And that's not that he's not doing wrong. It's that his path to stardom is so important, that if he can't get there everything's so screwed it's too depressing to consider. So I choose to believe everything's going great and he can't be screwed up. Luckily he has his better moments like in the 4th quarter against Philly that reinforce the idea of a can't-fail prospect.
I "loved it live" on Friday, a blowout win against the Hornets. It's difficult to complain when you beat a good team, but I noticed a few things ...
(1) Vinny sucks. We consistently switched when CP3 and Chandler ran the pick-and-roll, leaving JoaNoah isolated 1-on-1 at the top of the key against CP3. Vinny was smart in having Salmons guard CP3, but there was no reason to switch on every screen.
(2) Our offense is pretty terrible at times. We had a stretch in the first half when we didn't score for over 3 minutes. We had 91 points with 7 minutes left and finished with only 97 (3 shy of my free BigMac).
(3) About 3 minutes into the second quarter I had the following exchange with my girlfriend:
"Does Brad Miller play center?"
"Why doesn't he play over Noah all the time?!"
After a flurry of roster turnover and a couple of notable injuries, the Bulls have settled into a tight eight-man rotation (seven when Tim Thomas is a hamstring casualty).
In the backcourt, Derrick Rose, Ben Gordon, and Kirk Hinrich provide Vinny Del Negro with a lot of flexibility. Both Rose and Hinrich are both steady at the point, and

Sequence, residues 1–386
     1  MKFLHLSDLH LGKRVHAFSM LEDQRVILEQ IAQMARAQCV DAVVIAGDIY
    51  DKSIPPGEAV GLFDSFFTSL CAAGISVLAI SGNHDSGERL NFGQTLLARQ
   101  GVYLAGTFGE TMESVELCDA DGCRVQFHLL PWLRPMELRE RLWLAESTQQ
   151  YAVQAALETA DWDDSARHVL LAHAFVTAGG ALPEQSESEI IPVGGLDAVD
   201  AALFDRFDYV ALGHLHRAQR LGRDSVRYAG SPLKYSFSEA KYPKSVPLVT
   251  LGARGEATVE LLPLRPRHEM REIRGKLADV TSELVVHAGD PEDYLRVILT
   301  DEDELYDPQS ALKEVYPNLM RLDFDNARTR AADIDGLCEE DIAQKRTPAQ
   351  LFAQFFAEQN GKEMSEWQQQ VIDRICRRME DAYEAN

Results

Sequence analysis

both can defend both guard positions. Gordon usually finishes games at the 2, but Del Negro will occasionally opt for Hinrich for key minutes in the fourth -- we saw this Friday night in the Bulls' close loss in Philadelphia. John Salmons is logging heavy minutes as the only true small forward in the rotation -- though Del Negro will occasionally use all three guards together when Salmons gets his few minutes of rest.
Up front, Del Negro has boiled it down to Brad Miller and Tim Thomas. The Aaron Gray experiment is kaput, except in garbage time -- even when Tim Thomas is sidelined. In the Bulls' double-overtime loss to Miami last Monday, Del Negro used only seven players, opting to go with Miller as the only big sub.
The Bulls top seven are a durable bunch. So long as they avert key injuries, that should be enough, even though a first-round exit -- provided they quality for the postseason -- is almost certain.
PER Diem -
The push for the No. 8 seed is back to being Chicago's race to lose. Although the Bulls are effectively tied with Milwaukee in the standings, Chicago has 10 home games left against just five road games, and only six of the games are against teams with winning records. Chicago's 59.1 percent playoff odds are nearly triple those of their closest foil, the Bucks. Remember, Chicago has the tiebreaker with Milwaukee after winning the season series 3-1.